Melissa Wallace, a Jeffco mother for elementary, middle and high school students, believes it is time to send the students back. She said the mental health implications and academic ramifications of keeping children learning from home and connected to their screens outweighs the risks of the new coronavirus for their family, although she said she understands that others would feel differently depending on your health and age.

He also noted that while his family might have a father who would stay home with their children, some families would not have the luxury.

"At what cost do we keep doing this?" Wallace said. “The reality as parents is that we weigh the risks every day for our children. How far do we let this go before saying OK, maybe it's time to weigh the risk? I don't see that there is a sufficient risk for my children. I have healthy children and I am grateful for that. I feel like we should be able to make that decision for our family. We are fortunate enough to be able to resolve any situation they put to work, but if they tell me that my 9-year-old son can only go to school one day a week, maybe we will look at some private school options. ”

Jeffco seeks input from parents on when the school year should begin. Some institutions of higher education, such as Regis Private University of Denver, are starting their academic calendars early in an attempt to finish the semester ahead of a predicted flu wave and a potential second wave of the new coronavirus.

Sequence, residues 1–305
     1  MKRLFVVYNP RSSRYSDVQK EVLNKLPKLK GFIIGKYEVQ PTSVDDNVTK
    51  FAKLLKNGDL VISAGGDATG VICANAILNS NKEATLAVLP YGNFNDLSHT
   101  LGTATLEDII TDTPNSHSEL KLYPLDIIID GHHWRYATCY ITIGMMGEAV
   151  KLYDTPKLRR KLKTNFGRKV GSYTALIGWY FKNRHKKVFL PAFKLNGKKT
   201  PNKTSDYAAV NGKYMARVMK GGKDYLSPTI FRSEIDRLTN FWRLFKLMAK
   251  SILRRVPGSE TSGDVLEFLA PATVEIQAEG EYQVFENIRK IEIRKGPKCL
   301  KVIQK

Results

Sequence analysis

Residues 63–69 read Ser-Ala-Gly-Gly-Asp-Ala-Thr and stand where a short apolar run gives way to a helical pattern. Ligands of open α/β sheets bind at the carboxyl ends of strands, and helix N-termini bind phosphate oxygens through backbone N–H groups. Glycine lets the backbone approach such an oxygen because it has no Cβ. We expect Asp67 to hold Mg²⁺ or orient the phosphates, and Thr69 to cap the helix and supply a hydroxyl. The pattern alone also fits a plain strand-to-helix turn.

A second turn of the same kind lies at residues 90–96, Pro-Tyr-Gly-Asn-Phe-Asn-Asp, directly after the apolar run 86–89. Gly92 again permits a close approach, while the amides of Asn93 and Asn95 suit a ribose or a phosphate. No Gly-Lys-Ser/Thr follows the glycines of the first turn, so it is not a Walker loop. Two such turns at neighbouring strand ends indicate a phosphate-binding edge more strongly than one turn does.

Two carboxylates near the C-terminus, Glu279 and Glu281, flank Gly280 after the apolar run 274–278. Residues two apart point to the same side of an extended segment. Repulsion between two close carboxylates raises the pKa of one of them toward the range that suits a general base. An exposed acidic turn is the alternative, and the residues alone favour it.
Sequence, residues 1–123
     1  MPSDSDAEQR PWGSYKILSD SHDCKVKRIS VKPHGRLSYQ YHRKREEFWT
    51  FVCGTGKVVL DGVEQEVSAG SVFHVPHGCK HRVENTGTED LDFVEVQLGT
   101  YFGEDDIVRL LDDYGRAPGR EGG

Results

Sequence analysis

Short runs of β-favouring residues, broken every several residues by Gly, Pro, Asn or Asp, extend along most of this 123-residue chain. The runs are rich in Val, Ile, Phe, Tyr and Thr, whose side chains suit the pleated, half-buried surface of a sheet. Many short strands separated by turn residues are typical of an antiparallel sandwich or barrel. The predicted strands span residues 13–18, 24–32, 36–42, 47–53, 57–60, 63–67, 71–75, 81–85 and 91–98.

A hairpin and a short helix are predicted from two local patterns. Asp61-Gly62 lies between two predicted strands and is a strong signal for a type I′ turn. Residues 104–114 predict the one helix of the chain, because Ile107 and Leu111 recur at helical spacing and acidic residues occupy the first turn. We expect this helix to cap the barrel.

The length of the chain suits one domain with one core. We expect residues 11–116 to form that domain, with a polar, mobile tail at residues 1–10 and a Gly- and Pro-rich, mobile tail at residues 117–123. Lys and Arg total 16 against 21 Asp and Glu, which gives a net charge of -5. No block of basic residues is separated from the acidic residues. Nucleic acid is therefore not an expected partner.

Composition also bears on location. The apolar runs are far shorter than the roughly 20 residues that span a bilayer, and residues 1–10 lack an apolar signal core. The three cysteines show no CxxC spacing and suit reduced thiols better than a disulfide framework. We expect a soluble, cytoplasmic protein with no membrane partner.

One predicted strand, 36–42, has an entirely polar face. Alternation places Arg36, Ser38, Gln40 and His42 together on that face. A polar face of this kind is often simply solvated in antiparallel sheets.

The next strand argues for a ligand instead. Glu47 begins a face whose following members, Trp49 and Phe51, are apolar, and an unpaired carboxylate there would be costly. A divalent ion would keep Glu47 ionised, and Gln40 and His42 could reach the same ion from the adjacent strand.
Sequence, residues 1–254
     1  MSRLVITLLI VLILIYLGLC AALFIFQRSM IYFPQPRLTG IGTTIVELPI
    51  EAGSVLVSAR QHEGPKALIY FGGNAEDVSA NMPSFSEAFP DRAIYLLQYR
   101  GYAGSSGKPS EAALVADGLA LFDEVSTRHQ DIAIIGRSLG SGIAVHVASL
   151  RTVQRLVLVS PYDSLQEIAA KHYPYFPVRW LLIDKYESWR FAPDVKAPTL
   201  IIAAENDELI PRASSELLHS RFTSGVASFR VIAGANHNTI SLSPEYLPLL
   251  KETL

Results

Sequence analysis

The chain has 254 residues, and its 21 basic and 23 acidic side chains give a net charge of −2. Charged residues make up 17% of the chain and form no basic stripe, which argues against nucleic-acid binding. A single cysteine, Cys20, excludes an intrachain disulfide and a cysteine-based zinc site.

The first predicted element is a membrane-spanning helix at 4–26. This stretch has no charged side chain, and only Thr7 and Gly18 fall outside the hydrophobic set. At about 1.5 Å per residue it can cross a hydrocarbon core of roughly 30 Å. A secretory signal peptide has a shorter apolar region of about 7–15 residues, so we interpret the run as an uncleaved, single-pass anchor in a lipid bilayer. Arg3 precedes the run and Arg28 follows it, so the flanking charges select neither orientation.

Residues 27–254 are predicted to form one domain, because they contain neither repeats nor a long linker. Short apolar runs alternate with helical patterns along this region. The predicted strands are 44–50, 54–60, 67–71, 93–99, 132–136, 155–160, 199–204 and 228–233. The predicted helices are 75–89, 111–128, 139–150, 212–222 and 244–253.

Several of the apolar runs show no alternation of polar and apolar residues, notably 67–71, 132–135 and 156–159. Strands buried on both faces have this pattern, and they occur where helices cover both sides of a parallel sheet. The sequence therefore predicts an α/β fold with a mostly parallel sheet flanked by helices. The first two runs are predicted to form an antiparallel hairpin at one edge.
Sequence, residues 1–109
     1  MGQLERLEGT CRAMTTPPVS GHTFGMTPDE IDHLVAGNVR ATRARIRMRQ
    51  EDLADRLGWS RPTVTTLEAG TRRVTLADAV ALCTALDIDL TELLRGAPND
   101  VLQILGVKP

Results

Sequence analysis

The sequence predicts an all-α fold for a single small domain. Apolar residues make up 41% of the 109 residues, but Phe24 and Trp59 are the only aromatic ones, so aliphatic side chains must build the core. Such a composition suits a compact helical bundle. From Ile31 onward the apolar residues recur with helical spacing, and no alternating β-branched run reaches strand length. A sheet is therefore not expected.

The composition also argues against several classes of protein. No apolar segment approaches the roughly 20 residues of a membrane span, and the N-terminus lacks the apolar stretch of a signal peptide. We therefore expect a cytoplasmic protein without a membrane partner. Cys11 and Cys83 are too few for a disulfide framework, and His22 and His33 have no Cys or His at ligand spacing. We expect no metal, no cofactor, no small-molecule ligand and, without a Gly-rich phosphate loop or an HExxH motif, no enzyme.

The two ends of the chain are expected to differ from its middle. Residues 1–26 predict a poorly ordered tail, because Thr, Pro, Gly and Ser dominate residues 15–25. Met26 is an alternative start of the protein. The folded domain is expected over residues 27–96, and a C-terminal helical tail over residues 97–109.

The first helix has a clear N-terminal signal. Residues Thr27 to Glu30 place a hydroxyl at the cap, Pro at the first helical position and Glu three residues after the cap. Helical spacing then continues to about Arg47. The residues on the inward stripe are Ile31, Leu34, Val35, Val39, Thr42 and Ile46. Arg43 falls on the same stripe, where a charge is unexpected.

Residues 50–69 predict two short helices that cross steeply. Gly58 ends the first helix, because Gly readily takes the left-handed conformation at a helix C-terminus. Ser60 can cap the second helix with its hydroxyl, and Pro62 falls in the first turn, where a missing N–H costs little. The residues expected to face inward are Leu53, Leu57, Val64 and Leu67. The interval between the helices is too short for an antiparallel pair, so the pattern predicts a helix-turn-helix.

Glass said this is a possibility, but starting later would allow more preparation to get the fall semester off to a good start. Jeffco's academic year was scheduled to begin on August 18.

"We should also expect outbreaks to occur or things to happen over the course of this next year, where we will have to close the school in the next few days and restart again," Glass said. “We can go through in-person and remote learning periods. We're trying to think of all the possible ways this could happen with the goal of restoring as much in-person learning as we can. "

While masks will be recommended, Glass said Jeffco does not require them unless the public health guide changes.

"We started in a place that required them, but we are concerned with two things: Younger children who play with them all the time and touch their faces can be worse," Glass said. "In addition to playing with the masks or touching the faces, there are some things around teaching language and teaching reading that you need to see someone's mouth and face."

Jeffco leads school districts in the Denver metro area in publishing his fall plan.

"You have to think ahead as much as possible and anticipate what will happen," Glass said. "What put us at the forefront of remote learning ahead of other districts is that we were observing the virus as it was already moving around the world and seeing what other school districts are doing internationally."

The Denver Public Schools expects to release their fall reopening guidelines in early June.

The Boulder Valley School District released a smaller set of guidelines last week that explains what the school can be like in the reintroduction phases.

For phase two of its plan, BVSD said the restrictions would allow limited in-person learning activities to resume for a small group of prioritized students who may not have equitable access to education through remote learning.

"We just have to be adaptable," said Jeffco Superintendent Glass. "There are many things that we don't know yet."